Ellie Is Older But Further Emotionally Flawed…  

Five years have passed since the events of the original game. Ellie, now 19, is the same complicated yet loveable character you remember but you quickly notice the signs of her emotional instability.

Joel is back and carries the weight of his decisions from the end of the last game but remains unchanged in it being the right thing to do.

There is a high degree of tension between Ellie and Joel from the outset, unanswered questions from the ending of the last game linger in Ellie’s mind while Joel remains the typical protector at all costs, refusing to even talk about why he didn’t leave her in that hospital last time round.

Tommy is also back for another stint, standing by his brother Joel and also maintaining a key sense of duty to protect Ellie.

The safe surroundings of Jackson introduce us to several new characters early in the game. Namely, new friend and growing love interest Dina who rides alongside Ellie on a day of patrol in the snow. The connection between the two is noticeable from the outset, presenting a truly innocent fledgling love story that is frequent during the early events in the game.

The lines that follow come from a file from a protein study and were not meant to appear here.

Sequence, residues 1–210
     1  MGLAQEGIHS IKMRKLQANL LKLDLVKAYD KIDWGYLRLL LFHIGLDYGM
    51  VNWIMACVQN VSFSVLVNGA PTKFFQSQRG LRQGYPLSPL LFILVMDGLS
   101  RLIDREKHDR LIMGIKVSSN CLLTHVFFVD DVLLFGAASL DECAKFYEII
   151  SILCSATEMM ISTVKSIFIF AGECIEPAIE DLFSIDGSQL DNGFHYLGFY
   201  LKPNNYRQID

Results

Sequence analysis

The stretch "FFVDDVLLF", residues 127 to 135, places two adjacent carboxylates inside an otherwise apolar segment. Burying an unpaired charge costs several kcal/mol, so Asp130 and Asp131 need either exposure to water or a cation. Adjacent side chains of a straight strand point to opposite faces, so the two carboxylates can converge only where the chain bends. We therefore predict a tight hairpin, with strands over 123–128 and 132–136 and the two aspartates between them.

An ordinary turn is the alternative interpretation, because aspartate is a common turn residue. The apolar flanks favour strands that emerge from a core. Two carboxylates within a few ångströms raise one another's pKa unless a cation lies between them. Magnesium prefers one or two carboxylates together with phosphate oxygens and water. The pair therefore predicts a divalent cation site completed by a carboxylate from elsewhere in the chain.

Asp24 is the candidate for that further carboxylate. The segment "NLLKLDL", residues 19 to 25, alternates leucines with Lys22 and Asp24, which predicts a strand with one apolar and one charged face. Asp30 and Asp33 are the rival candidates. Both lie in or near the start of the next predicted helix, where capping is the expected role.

There is also Jesse, former boyfriend of Dina who in almost every way is one of the most chilled out characters despite the challenging moments he finds himself in along the way.

We then meet Abby. And yes, as it turns out, Abby is that female character fans first saw during the second teaser trailer for the game back in 2017.

Abby’s part in the story emerges very early on, and without giving spoilers away, she becomes an integral part of the overall campaign. Abby’s motivations are complicated and she is far from the typical one-dimensional part of the story to serve Ellie’s wider journey that many may want.